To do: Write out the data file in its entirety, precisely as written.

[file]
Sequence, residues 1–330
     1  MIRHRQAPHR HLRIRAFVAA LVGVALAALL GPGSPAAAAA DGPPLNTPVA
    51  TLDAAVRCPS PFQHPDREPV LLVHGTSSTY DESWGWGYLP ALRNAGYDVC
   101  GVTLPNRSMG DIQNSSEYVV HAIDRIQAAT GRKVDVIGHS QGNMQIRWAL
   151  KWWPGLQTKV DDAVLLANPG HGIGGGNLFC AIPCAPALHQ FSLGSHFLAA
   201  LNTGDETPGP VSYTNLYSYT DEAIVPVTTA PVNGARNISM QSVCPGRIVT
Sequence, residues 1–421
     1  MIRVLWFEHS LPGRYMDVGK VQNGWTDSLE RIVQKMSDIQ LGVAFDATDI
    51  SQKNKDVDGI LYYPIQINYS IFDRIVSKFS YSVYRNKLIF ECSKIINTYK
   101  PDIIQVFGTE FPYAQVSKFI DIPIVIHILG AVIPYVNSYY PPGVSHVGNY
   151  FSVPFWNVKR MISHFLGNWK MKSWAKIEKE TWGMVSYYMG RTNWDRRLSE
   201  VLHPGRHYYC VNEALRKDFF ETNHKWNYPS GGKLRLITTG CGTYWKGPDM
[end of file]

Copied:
Sequence, residues 1–330
     1  MIRHRQAPHR HLRIRAFVAA LVGVALAALL GPGSPAAAAA DGPPLNTPVA
    51  TLDAAVRCPS PFQHPDREPV LLVHGTSSTY DESWGWGYLP ALRNAGYDVC
   101  GVTLPNRSMG DIQNSSEYVV HAIDRIQAAT GRKVDVIGHS QGNMQIRWAL
   151  KWWPGLQTKV DDAVLLANPG HGIGGGNLFC AIPCAPALHQ FSLGSHFLAA
   201  LNTGDETPGP VSYTNLYSYT DEAIVPVTTA PVNGARNISM QSVCPGRIVT
Sequence, residues 1–421
     1  MIRVLWFEHS LPGRYMDVGK VQNGWTDSLE RIVQKMSDIQ LGVAFDATDI
    51  SQKNKDVDGI LYYPIQINYS IFDRIVSKFS YSVYRNKLIF ECSKIINTYK
   101  PDIIQVFGTE FPYAQVSKFI DIPIVIHILG AVIPYVNSYY PPGVSHVGNY
   151  FSVPFWNVKR MISHFLGNWK MKSWAKIEKE TWGMVSYYMG RTNWDRRLSE
   201  VLHPGRHYYC VNEALRKDFF ETNHKWNYPS GGKLRLITTG CGTYWKGPDM